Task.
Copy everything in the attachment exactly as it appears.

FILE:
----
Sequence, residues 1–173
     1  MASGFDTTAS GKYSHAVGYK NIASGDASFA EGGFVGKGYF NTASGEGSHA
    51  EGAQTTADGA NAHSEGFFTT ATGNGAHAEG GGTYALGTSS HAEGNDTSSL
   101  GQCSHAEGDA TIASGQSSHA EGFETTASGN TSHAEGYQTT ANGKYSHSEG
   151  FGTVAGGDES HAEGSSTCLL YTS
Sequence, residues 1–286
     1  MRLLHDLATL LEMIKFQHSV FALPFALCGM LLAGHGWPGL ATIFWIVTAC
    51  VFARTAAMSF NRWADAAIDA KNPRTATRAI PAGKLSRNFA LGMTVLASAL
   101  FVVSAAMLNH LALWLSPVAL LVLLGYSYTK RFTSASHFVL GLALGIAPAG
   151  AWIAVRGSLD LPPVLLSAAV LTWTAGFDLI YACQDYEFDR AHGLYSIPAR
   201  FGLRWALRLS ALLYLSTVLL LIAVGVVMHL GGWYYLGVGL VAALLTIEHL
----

Sequence, residues 1–173
     1  MASGFDTTAS GKYSHAVGYK NIASGDASFA EGGFVGKGYF NTASGEGSHA
    51  EGAQTTADGA NAHSEGFFTT ATGNGAHAEG GGTYALGTSS HAEGNDTSSL
   101  GQCSHAEGDA TIASGQSSHA EGFETTASGN TSHAEGYQTT ANGKYSHSEG
   151  FGTVAGGDES HAEGSSTCLL YTS
Sequence, residues 1–286
     1  MRLLHDLATL LEMIKFQHSV FALPFALCGM LLAGHGWPGL ATIFWIVTAC
    51  VFARTAAMSF NRWADAAIDA KNPRTATRAI PAGKLSRNFA LGMTVLASAL
   101  FVVSAAMLNH LALWLSPVAL LVLLGYSYTK RFTSASHFVL GLALGIAPAG
   151  AWIAVRGSLD LPPVLLSAAV LTWTAGFDLI YACQDYEFDR AHGLYSIPAR
   201  FGLRWALRLS ALLYLSTVLL LIAVGVVMHL GGWYYLGVGL VAALLTIEHL